Unfortunately, I didn’t have time to figure out what happened, and I had to get to school. I’ll never forget this day for as long as I live because when I got to school, I couldn’t concentrate, and I wrote about it in that journal. When I got home, I asked my mother where Heather was, and she told me.
“Well, she ran away.”
She delivered it as a matter of fact statement. She didn’t seem phased that her daughter ran off in the middle of the night and had not returned. I knew my sister wouldn’t leave me by choice, so I definitely didn’t buy the story that she just up and left, but I couldn’t figure out where she was and if she was ever coming back. In her place was a crying needy baby. I went to bed that night and held on to Asia, my Cabbage Patch Kid, and cried. Asia was with me through thick and thin. She was my only constant.
It wasn’t until a year later that I figured out where my sister was. The whole time she was “missing” she was living with my grandparents in Chinle. My Grandpa gave up his private room and started sleeping in Grandma’s bed. My mom took us for a visit, and I was sitting in the living room when my sister came out.
Imagine my surprise and deep disappointment. I was incredibly hurt, and this was proof once again to me that my grandparents loved her more than me. The evidence kept building up, proving my narrative I was building about myself and my father.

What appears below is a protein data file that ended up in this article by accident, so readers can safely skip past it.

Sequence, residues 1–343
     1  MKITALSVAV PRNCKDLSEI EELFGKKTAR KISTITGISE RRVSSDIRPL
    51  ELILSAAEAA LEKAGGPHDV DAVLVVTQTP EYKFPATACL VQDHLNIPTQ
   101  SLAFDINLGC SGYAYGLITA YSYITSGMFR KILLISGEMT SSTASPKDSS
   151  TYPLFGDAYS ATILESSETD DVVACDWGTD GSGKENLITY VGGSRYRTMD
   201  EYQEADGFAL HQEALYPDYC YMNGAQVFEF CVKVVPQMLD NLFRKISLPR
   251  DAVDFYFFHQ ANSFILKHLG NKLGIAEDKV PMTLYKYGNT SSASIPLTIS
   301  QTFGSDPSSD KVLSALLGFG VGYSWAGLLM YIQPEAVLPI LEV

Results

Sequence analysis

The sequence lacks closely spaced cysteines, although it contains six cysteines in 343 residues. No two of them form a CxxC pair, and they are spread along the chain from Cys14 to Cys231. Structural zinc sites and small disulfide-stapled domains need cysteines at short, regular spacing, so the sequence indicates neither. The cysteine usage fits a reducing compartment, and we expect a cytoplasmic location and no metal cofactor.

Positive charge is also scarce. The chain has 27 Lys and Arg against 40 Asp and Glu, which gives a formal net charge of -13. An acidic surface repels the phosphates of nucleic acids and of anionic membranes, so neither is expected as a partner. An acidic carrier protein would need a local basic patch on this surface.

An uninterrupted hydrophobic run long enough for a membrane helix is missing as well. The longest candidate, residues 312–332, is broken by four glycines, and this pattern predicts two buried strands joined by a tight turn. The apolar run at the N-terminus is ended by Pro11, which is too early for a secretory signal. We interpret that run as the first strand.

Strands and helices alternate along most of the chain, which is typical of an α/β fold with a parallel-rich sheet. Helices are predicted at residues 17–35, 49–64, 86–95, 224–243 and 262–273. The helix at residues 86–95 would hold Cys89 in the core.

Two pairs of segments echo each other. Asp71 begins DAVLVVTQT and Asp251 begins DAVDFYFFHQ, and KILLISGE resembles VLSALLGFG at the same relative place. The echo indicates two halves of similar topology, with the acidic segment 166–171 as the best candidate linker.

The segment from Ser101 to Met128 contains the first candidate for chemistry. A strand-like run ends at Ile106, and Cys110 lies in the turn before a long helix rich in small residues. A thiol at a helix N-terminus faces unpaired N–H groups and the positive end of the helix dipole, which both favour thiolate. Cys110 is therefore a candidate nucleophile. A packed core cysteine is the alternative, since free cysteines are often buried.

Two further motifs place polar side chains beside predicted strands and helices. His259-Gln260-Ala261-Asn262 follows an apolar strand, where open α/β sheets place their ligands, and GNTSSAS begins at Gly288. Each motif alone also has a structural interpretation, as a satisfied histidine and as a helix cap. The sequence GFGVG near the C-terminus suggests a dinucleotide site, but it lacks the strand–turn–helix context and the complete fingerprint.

I decided that Heather didn’t care about me either.
Later on, when I was much older, I talked to my sister about what happened. Well, our mother kicked my sister out of the house out of fear that she’d hurt the new baby, and she also accused her of trying to sleep with our step-father. My sister was only 15 years old.
My brother was really adorable, so even though I wanted to hate him, I could not. Instead, he and I formed a close bond. I taught him how to crawl by having him want to grab a phone book on the floor, and I sang him songs to get him to sleep.
My love for my brother grew even though I had the disgusting task of washing out his reusable cloth diapers every day.
My journal entries started becoming more and more about Afshin, questions about the racism I personally experienced, and my obsession with maintaining perfect attendance at school. I had a flawless streak until I was taken out the last month of school with tonsilitis, and I had to have my tonsils removed. In 1986, I learned more about "adult lies." Lies like Santa Claus. Lies like where my sister went. A picture was painted for me of endless ice cream that I'd get to eat once my tonsils were removed, but instead, I couldn't eat anything. I woke up screaming like Hellen Keller after my surgery. I wanted water badly but couldn't get the words out. After surgery, I went in and out of hospitalization due to complications and didn't get that bowl of ice cream for at least two whole weeks. So far, at this point, the adults were all far from credible in my life. They couldn't really be trusted. I started to view my parents as food providers instead of anything more profound than that. I dreamed about my adult future in which I wouldn't have to go to school or come home to them anymore. I didn't trust them at all, but I remained optimistic that my situation was only temporary.